If a patient requires antipsychotic drug treatment after recovery from NMS, the potential reintroduction of drug therapy should be carefully considered. The patient should be carefully monitored, since recurrences of NMS have been reported.
Prochlorperazine Edisylate Injection USP may cause somnolence, postural hypotension, motor and sensory instability, which may lead to falls and, consequently, fractures or other injuries. For patients with diseases, conditions, or medications that could exacerbate these effects, complete fall risk assessments when initiating antipsychotic treatment and recurrently for patients on long-term antipsychotic therapy.
An encephalopathic syndrome (characterized by weakness, lethargy, fever, tremulousness and confusion, extrapyramidal symptoms, leukocytosis, elevated serum enzymes, BUN and FBS) has occurred in a few patients treated with lithium plus an antipsychotic. In some instances, the syndrome was followed by irreversible brain damage. Because of a possible causal relationship between these events and the concomitant administration of lithium and antipsychotics, patients receiving such combined therapy should be monitored closely for early evidence of neurologic toxicity and treatment discontinued promptly if such signs appear. This encephalopathic syndrome may be similar to or the same as neuroleptic malignant syndrome (NMS).
Patients with bone marrow depression or who have previously demonstrated a hypersensitivity reaction (e.g., blood dyscrasias, jaundice) with a phenothiazine should not receive any phenothiazine, including prochlorperazine, unless in the judgment of the physician the potential benefits of treatment outweigh the possible hazards.
Prochlorperazine may impair mental and/or physical abilities, especially during the first few days of therapy. Therefore, caution patients about activities requiring alertness (e.g., operating vehicles or machinery).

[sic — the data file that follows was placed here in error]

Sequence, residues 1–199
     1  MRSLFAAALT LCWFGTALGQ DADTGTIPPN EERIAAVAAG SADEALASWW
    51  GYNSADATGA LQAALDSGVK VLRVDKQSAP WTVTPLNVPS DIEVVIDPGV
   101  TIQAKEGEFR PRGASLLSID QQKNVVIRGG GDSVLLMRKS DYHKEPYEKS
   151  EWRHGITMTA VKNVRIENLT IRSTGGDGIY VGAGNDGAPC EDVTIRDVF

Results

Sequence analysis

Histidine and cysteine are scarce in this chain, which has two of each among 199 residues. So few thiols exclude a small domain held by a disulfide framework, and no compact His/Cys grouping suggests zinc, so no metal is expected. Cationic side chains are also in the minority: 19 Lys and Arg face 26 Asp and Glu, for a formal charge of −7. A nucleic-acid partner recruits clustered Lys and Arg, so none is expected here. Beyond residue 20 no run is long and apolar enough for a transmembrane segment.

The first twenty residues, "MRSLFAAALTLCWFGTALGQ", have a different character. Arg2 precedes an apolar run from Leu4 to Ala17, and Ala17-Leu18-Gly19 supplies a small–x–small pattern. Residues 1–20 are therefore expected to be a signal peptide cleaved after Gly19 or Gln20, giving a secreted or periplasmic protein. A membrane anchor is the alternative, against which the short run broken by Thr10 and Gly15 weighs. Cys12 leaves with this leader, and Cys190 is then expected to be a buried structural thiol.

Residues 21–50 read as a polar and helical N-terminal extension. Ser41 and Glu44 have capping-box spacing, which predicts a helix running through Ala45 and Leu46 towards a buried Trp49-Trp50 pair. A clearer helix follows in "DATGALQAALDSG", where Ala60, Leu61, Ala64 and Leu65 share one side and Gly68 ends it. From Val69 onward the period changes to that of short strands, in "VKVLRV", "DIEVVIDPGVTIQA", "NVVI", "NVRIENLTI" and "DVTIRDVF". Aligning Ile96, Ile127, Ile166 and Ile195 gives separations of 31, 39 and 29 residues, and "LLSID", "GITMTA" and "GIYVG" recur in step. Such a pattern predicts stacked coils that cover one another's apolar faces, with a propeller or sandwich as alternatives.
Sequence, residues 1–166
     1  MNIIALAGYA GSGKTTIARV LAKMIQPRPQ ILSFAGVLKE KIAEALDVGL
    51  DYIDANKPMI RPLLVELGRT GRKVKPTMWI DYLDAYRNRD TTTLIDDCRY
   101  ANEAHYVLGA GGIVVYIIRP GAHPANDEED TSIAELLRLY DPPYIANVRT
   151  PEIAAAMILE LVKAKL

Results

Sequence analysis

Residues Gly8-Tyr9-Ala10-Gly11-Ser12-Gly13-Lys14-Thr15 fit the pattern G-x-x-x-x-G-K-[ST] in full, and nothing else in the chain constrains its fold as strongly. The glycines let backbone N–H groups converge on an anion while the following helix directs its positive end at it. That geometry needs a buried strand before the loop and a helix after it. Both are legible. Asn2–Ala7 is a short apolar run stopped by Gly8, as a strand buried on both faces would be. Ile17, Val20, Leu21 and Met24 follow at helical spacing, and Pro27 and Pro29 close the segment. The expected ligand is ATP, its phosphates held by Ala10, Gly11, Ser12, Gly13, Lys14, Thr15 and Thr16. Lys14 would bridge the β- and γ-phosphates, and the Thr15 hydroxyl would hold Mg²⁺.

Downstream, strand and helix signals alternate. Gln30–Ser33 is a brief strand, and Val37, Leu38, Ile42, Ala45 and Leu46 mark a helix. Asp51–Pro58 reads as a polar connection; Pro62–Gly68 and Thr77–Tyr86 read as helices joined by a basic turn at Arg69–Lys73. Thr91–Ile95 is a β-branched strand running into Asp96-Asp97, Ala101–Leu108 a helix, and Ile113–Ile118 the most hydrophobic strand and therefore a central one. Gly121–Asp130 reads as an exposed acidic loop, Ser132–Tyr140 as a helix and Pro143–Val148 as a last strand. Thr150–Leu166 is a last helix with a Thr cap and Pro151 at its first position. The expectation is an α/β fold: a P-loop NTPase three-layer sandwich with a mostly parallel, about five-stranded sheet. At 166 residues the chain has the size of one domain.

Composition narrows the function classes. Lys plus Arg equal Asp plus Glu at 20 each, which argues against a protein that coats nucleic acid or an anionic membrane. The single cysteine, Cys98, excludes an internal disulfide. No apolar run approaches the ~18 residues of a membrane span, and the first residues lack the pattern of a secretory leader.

Phenothiazines may intensify or prolong the action of central nervous system depressants (e.g., alcohol, anesthetics, narcotics).
Neonates exposed to antipsychotic drugs, during the third trimester of pregnancy are at risk for extrapyramidal and/or withdrawal symptoms following delivery. There have been reports of agitation, hypertonia, hypotonia, tremor, somnolence, respiratory distress and feeding disorder in these neonates. These complications have varied in severity; while in some cases symptoms have been self-limited, in other cases neonates have required intensive care unit support and prolonged hospitalization.
Prochlorperazine Edisylate should be used during pregnancy only if the potential benefit justifies the potential risk to the fetus.
Usage in Pregnancy
Safety for the use of prochlorperazine during pregnancy has not been established. Therefore, prochlorperazine is not recommended for use in pregnant patients except in cases of severe nausea and vomiting that are so serious and intractable that, in the judgment of the physician, drug intervention is required and potential benefits outweigh possible hazards.
There have been reported instances of prolonged jaundice, extrapyramidal signs, hyperreflexia or hyporeflexia in newborn infants whose mothers received phenothiazines.
Nursing Mothers There is evidence that phenothiazines are excreted in the breast milk of nursing mothers. Caution should be exercised when prochlorperazine is administered to a nursing woman.